Families who were displaced by Superstorm Sandy and forced to take refuge at Fort Monmouth or in trailers spread around the state face being uprooted again unless state and federal officials can come up with alternative housing arrangements.

Fort Monmouth (Marko Georgiev/Getty Images)

The agreement between FEMA and the former military base expires on April 1. To help them out, the Christie administration and the Federal Emergency Management Agency are working to find solutions for the families affected.

Gov. Chris Christie has sent a letter to President Barack Obama requesting a six-month extension. That would place the new deadline in September if it gets an approval. So far, there has been no response from the White House on the request.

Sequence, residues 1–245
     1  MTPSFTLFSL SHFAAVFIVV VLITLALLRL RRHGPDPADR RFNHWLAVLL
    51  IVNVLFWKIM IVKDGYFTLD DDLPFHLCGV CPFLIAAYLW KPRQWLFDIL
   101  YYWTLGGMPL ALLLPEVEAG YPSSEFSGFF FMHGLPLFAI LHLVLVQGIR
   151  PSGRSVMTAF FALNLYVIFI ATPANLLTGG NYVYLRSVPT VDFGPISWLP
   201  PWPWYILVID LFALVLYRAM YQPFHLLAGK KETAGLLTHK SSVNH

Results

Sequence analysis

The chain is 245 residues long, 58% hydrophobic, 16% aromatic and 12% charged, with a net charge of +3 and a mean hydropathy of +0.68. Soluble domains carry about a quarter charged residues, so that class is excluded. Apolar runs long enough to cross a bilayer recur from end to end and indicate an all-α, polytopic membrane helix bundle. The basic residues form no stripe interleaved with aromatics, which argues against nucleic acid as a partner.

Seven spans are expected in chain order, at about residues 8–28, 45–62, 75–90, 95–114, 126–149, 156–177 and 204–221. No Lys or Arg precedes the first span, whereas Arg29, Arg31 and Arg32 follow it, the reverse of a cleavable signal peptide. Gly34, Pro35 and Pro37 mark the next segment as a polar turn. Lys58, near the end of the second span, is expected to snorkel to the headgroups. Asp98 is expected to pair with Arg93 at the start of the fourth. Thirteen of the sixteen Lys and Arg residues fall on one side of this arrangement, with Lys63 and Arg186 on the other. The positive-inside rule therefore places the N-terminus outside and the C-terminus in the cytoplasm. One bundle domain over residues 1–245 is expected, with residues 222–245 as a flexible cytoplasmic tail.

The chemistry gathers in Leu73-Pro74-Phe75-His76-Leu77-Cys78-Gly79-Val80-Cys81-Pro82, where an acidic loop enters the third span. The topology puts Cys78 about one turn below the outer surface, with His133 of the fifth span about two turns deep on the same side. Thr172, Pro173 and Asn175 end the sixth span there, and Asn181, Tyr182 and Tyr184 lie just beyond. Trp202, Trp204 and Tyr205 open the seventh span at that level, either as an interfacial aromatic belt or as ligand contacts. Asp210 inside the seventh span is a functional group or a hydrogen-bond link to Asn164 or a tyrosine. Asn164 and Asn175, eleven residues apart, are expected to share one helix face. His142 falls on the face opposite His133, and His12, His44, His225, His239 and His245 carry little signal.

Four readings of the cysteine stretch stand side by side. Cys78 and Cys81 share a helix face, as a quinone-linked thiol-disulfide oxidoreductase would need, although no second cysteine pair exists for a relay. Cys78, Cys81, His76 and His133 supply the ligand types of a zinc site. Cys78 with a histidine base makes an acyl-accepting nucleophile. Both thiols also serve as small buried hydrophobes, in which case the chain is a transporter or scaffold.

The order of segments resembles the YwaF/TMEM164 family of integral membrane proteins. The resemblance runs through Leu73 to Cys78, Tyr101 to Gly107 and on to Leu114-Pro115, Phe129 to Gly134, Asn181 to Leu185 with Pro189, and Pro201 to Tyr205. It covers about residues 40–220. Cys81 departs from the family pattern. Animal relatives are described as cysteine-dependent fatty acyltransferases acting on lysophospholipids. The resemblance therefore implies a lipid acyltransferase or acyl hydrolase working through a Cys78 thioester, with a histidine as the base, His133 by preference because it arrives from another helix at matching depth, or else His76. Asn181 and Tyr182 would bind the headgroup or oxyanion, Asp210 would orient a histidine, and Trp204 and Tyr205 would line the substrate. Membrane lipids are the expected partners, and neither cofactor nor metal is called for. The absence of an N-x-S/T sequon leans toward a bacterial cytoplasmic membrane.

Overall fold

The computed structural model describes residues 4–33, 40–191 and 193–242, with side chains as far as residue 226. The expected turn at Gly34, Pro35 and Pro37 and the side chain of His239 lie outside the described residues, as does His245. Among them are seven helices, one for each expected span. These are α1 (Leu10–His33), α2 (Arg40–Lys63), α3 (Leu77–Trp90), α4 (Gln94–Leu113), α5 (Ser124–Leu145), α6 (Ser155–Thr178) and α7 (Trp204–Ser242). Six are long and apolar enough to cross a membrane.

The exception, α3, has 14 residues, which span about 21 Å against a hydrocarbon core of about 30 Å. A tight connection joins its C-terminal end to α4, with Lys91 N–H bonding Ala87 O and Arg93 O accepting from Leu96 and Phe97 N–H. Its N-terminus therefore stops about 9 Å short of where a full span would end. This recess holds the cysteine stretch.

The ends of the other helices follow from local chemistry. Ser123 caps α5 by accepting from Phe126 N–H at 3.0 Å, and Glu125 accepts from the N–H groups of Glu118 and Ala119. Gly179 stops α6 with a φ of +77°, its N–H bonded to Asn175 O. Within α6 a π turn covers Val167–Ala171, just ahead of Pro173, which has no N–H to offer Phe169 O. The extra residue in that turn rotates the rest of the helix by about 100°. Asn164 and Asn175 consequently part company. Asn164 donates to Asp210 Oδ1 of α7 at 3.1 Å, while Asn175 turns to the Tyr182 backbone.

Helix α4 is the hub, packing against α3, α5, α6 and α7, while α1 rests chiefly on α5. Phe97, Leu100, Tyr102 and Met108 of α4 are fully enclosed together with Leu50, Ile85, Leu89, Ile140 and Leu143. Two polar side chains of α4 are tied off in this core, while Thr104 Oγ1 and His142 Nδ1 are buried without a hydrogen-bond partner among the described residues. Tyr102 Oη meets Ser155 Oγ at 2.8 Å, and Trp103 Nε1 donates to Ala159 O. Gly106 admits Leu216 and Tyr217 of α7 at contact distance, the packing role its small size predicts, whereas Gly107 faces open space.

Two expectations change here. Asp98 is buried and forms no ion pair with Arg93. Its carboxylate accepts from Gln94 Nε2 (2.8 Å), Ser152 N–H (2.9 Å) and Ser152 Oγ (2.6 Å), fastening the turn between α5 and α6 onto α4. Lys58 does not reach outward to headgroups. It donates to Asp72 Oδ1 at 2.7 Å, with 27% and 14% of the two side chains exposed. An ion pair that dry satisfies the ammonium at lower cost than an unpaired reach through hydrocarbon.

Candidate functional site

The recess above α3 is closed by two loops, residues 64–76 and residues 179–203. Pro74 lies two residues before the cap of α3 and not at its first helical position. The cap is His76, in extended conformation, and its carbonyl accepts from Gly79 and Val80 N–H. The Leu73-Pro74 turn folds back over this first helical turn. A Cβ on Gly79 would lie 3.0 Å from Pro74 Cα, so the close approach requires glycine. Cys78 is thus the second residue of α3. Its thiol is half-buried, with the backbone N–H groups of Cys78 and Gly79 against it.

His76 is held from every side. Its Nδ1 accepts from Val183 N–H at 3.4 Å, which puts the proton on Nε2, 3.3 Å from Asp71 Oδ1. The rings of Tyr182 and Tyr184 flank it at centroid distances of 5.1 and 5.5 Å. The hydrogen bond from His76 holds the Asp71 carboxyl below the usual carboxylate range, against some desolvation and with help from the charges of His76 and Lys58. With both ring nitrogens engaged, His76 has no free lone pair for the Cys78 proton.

As of now, there are about 45 families left on the base and 32 in trailers. According to Alberto Pillot, a FEMA representative, the issue is a standard policy for the agency.

"Oftentimes, programs like these are in place for anywhere from a year to 18 months following a major disaster," Pillot said. "There's an excellent chance they will extend it but for right now, it's out of our hands and the waiting game."

A lot of the people still remaining are either waiting for a complete rebuild of their home or are renters waiting for more affordable units to open up. The morale of the families has been up and down. As a result, FEMA has offered crisis counseling to those in need and is working to help the residents as best as they can under the current conditions.

But what happens if the deadline isn't extended?

"Regardless of what happens, these people won't be thrown out into the cold," Pillot said. "We are working now to try and place people before the deadline comes up but if there are unresolved cases, we will keep doing everything in our power to work for them."